Besides a heart full of love and a big smile, romance can bringsome positive health benefits.
Some scientific studies suggest that a loving relationship, physical touch and sex can bring health benefits such as lower blood pressure. Of course, no relationship can guarantee health and happiness, but cupid’s arrow can send you some health boosts.
Want to get healthy and have fun at the same time? Anything that exercises your heart is good for you, including sex. Sexual arousal sends the heart rate higher and the number of beats per minute reaches its peak during orgasm.
But, as with most exercise, it depends how vigorously you do it. Some studies show that the average peak heart rate at orgasm is the same as during light exercise, such as walking upstairs. That’s not enough to keep most people fit and healthy.
Adults should do at least 150 minutes (two and a half hours) of moderate-intensity aerobic activity, such as cycling or fast walking, every week.
Unless you’re lucky enough to have 150 minutes of orgasms a week, try cycling, brisk walking or dancing.
Having heart disease doesn’t have to hold you back in the bedroom. Experts advise that you can usually have sex as long as you can do the everyday activities that have the same impact on your heart without causing chest pain, such as walking up two flights of stairs.
Source: Rerkpattanapipat P, Stanek MS, MN Kotler. Sex and the heart: What is the role of the cardiologist? European Heart Journal 2001;22: 201-208.
A hug keeps tension away
Embracing someone special can lower blood pressure, according to researchers. In one experiment, couples who held each other’s hands for 10 minutes followed by a 20-second hug had healthier reactions to subsequent stress, such as public speaking.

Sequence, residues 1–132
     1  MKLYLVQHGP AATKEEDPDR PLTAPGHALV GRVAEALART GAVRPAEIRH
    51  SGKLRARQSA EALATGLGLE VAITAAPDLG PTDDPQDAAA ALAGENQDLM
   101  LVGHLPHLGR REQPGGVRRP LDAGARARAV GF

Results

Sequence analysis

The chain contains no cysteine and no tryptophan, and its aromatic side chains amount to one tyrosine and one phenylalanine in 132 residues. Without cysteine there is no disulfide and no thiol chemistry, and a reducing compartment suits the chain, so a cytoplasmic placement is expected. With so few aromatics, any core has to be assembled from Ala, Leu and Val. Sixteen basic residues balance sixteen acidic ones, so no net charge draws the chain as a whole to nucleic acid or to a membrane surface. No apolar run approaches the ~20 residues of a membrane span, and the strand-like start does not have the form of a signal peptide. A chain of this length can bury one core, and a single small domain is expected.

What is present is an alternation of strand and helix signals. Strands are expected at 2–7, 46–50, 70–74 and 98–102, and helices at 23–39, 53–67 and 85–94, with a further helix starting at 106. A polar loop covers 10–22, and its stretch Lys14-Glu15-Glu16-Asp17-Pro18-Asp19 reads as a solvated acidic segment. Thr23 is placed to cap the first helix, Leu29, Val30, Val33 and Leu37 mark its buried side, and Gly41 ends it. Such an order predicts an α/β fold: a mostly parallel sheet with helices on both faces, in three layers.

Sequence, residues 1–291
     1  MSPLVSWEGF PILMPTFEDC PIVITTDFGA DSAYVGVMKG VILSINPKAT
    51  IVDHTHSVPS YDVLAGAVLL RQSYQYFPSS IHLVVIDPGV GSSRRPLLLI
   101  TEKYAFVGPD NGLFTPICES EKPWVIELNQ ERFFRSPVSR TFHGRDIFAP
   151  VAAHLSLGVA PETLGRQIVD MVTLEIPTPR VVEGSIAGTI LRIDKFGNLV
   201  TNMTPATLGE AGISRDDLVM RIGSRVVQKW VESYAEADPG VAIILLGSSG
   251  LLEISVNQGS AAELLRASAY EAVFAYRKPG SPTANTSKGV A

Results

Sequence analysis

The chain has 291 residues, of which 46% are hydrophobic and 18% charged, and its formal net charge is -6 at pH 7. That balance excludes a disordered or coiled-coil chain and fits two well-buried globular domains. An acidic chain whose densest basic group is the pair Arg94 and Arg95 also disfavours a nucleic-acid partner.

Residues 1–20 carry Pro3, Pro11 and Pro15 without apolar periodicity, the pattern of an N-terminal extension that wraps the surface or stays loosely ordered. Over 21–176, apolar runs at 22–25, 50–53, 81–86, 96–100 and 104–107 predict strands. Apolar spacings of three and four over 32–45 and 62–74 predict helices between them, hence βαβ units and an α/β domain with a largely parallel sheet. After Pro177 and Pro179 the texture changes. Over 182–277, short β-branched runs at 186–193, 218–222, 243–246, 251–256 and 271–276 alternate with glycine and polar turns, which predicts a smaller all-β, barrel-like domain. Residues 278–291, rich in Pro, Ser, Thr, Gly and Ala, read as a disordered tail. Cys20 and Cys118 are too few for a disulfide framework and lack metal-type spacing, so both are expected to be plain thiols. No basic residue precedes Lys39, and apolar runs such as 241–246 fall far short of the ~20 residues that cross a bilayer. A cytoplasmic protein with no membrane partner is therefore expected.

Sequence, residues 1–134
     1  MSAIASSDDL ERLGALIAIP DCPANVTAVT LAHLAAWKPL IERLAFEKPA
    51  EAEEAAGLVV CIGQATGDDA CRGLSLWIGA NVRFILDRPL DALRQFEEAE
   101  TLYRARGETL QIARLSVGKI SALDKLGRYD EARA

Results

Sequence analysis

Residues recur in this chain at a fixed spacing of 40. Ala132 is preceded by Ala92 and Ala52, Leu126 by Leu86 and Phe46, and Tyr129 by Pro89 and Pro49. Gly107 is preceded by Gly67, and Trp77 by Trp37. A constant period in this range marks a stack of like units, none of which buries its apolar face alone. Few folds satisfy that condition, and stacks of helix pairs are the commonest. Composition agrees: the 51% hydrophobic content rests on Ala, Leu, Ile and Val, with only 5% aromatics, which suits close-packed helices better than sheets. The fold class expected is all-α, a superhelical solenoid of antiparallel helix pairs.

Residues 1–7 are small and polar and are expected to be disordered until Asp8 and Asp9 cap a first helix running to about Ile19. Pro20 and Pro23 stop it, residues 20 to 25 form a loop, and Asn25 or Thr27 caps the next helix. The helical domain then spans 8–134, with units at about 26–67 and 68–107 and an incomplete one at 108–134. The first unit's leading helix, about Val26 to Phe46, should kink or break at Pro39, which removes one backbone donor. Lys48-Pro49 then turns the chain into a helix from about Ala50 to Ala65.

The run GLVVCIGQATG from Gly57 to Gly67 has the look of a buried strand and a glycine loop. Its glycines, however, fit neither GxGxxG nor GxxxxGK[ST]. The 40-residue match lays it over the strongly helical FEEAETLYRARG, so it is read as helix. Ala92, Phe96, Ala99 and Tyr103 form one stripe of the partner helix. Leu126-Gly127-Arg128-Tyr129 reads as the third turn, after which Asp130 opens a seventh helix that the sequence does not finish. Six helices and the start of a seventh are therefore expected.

Compared with couples who rested quietly without touching, the huggers had:
- lower heart rate
- lower blood pressure
- smaller heart rate increases
So give your partner a hug – it may help to keep your blood pressurehealthy.
Similar effects have been found for non-sexual stroking, although this appears to only reduce blood pressure in women who are stroked, not men.
Source: Grewen KM, Anderson BJ, Girdler SS, Light KC. Warm partner contact is related to lower cardiovascular reactivity. Behavioural Medicine, 2003;29:123-30.
Sex can be a stress buster
Workload too high? Hot and bothered after the morning journey to work? Sex could help you beat the stresses of 21st century living, according to a small study of 46 men and women.
Participants kept a diary of sexual activity, recording penetrative sex, non-penetrative sex and masturbation.
In stress tests, including public speaking and doing mental arithmetic out loud, the people who had no sex at all had the highest stress levels.
People who only had penetrative sex had the smallest rise in blood pressure. This shows that they coped better with stress.
Plenty of people find that intimacy or orgasm without penetration helps them feel relaxed, as do exercise or meditation. It doesn’t have to be penetrative sex; it’s whatever works for you.
Try these 10 stress busters.
Source: Brody S. Blood pressure reactivity to stress is better for people who recently had penile-vaginal intercourse than for people who had other or no sexual activity. Biological Psychology, 2006;71:214-22.
Related Article: How to Effectively Share Your Sexual Wishes With Your Lover
Weekly sex might help fend off illness
There’s a link between how often you have sex and how strong your immune system is, researchers say.
A study in Pennsylvania found that students who had sex once or twice a week had higher levels of an important illness-fighting substance in their bodies.
Immunoglobulin A (IgA) was 30% higher in those who had sex once or twice a week than in those who had no sex at all. However, the lowest levels were in people who had sex more than twice a week.
But don’t devise a sex calendar just yet. More research is needed before it can be proved that weekly sex helps your immune system. Another study found that stroking a dog resulted in raised IgA levels in students (resting quietly or stroking a stuffed dog didn’t).
Sources: Charnetski CJ, Brennan FX. Sexual frequency and salivary immunoglobulin A (IgA). Psychology Report, 2004;94:839-44.
Charnetski CJ, Riggers S, Brennan FX. Effect of petting a dog on immune system function. Psychology Report, 2004;95:1087-91.